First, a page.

Sciatica pain can cause serious issues in one’s personal life. It can stop you from doing daily activities or just physically standing up from a chair.
Thankfully, there are ways you can ease sciatica pain through physical therapy and stretching. But before we talk about those ways, what exactly is sciatica pain, and what causes it?
An Overview of Sciatica
Sciatica is a symptom that can consist of leg pain or excruciating, shooting pain that goes down the leg. It’s usually a symptom of a pinched nerve or herniated or slipped disk. The nerve could be pinched in a variety of areas, on the outside or inside of the spinal canal.
The pain can happen all of a sudden or develop gradually. Sciatica symptoms can manifest in many different ways besides pain as well. It can manifest as weakness, numbness, or a burning or tingling that goes down your legs to your toes. It’s similar to a “pins and needles” feeling.
Sciatica can develop during pregnancy as well, especially in the third trimester. Because of the size of the baby in the final trimester putting weight on the lower body, it’s very common for women to experience sciatica-like symptoms of pain in the thighs, buttocks and legs. It also can be difficult to sit or stand.
Stretches and Therapy Exercises to Help with Sciatica
Stretches and various exercises may be helpful to those who suffer from sciatic pain. These movements can provide symptom relief, promote healing of swollen muscles and nerves, and prevent future flare-ups from happening.
- Core Exercises: Your core being strong can allow for your whole body to be strong and feel well. Having a strong core helps with balance, fatigue, and, of course, sciatic pain. The best part is that core exercises can usually be done at home and don’t require equipment. One of the easier core exercises is sit-ups.
- Yoga: Yoga can work wonders for helping and preventing sciatic nerve pain. The two most common yoga poses that many people know of, the child’s pose and downward dog can stretch the entire body while also helping balance out all muscles. There are many other poses that offer a more specialized approach to certain areas of the body, such as the back or hamstrings, that also can be helpful.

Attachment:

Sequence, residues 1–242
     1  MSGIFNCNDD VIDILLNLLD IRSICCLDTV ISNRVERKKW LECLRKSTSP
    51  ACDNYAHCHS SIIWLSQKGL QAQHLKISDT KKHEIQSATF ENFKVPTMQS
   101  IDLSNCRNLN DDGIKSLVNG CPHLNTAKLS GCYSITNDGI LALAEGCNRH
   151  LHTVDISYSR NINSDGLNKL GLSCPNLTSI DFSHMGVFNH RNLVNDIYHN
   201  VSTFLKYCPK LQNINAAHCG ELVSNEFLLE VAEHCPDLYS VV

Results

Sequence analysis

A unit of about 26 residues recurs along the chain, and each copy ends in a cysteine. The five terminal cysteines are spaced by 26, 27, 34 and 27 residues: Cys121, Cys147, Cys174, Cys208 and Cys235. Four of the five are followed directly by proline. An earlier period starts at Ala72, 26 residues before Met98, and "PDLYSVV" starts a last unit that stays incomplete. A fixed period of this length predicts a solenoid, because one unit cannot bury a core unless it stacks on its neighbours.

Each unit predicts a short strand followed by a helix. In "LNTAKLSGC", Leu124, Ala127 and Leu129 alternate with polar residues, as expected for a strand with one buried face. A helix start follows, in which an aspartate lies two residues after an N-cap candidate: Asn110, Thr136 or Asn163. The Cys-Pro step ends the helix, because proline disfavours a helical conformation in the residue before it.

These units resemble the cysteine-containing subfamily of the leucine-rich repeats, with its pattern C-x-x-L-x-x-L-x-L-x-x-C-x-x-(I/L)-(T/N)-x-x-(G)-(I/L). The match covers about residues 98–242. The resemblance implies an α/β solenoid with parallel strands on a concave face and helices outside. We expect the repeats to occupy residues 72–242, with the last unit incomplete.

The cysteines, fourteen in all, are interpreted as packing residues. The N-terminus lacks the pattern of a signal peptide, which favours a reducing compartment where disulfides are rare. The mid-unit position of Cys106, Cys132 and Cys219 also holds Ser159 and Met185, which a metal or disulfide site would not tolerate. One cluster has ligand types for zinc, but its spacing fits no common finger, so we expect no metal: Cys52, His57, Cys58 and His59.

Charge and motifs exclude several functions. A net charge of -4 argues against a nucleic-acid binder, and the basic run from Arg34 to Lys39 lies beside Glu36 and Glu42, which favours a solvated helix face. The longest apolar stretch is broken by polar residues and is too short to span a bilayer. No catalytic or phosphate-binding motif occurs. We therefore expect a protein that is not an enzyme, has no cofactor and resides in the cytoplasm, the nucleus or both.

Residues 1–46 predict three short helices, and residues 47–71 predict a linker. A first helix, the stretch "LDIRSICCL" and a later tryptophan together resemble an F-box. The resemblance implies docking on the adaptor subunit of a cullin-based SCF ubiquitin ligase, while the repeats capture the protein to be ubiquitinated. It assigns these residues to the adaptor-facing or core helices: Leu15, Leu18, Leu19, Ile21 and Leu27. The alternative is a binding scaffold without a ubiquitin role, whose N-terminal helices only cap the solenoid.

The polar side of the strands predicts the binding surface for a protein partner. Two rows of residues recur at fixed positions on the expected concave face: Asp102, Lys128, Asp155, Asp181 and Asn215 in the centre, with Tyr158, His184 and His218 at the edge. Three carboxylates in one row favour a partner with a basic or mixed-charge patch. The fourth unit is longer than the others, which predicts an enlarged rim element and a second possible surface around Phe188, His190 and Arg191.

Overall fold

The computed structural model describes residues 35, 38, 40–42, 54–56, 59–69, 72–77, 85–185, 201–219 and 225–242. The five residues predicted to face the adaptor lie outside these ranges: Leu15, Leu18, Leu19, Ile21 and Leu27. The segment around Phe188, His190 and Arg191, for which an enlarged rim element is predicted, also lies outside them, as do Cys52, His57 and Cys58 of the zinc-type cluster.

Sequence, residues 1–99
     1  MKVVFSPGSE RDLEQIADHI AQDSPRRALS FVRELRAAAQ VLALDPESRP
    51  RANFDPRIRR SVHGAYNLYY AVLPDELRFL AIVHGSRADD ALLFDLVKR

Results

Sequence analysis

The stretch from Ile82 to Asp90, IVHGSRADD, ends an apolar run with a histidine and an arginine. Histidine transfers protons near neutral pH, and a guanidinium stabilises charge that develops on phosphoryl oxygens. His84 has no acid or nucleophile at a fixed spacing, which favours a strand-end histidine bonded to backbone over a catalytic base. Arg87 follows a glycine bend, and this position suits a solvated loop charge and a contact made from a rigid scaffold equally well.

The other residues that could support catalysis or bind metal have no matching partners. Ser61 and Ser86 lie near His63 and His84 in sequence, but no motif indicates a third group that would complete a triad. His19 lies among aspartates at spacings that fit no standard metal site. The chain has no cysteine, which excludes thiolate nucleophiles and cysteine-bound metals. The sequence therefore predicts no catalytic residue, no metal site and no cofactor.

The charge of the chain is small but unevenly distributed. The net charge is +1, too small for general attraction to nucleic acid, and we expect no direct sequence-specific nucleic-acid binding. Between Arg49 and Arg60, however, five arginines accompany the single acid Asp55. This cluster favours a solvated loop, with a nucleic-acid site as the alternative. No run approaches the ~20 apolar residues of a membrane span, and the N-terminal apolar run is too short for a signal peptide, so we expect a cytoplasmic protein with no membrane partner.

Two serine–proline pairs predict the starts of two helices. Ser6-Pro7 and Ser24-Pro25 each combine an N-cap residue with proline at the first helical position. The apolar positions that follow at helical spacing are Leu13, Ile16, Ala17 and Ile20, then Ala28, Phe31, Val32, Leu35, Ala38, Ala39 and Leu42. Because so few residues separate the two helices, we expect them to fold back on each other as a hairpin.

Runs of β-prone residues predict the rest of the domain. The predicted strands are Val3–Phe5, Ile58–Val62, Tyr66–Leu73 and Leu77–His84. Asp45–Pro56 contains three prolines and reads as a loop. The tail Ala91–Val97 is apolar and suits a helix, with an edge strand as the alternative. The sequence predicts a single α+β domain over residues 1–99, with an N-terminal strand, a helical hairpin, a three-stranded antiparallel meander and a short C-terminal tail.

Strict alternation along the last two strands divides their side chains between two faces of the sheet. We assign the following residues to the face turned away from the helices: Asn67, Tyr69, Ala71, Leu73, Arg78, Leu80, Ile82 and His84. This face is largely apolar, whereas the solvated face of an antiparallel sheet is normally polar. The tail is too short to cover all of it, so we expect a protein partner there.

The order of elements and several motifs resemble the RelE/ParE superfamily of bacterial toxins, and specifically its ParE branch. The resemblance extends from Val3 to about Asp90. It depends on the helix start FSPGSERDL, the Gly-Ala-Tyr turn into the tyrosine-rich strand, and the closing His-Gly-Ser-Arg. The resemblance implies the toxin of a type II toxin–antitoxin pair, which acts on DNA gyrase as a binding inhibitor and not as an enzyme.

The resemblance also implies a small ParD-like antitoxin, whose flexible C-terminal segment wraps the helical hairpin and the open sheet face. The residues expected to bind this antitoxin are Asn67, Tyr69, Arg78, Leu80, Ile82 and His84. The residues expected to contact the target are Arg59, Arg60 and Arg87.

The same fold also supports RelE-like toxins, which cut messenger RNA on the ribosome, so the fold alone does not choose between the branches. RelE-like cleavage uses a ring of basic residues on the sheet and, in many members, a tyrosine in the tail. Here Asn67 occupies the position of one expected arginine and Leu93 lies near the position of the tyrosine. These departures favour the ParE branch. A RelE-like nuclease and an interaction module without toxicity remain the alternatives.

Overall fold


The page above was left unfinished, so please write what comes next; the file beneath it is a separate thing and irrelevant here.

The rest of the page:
- Aerobic Exercises: Aerobic exercises, also known as forms of light conditioning, can be helpful for sciatic pain as well. Walking, specifically brisk walking can be a good choice of daily exercise because it doesn’t put pressure on the lower back and helps stretch a large number of muscles.
Alternative Forms of Treatment for Sciatica
Besides physical therapy for sciatica pain, there are also other forms of home treatment for sciatic pain. Some self-care treatments include ice packs, hot packs, and home stretching.
Alternatively, you also can try acupuncture or chiropractic care. Acupuncture is the practice of inserting very thin needles through the skin into nerves and muscles to help relax them. Chiropractic care can be helpful as it involves movements that help promote muscle relaxation throughout the entire body while also focusing on realigning the spine.
Outlook for Life with Sciatica
In most cases—80 to 90 percent, to be exact—sciatica will go away on its own with time and rest. Most of the time, people with sciatica won’t need surgery either, unless they have a severe bulged disk or other special situation.
It’s helpful for people with sciatica to understand what triggers are associated with the system. Things such as high heels, uncushioned shoes, stress, and being overweight all can contribute to sciatic pain.
Contact us today to set an appointment. We’d like to see you and discover if we can help relieve your Sciatica pain.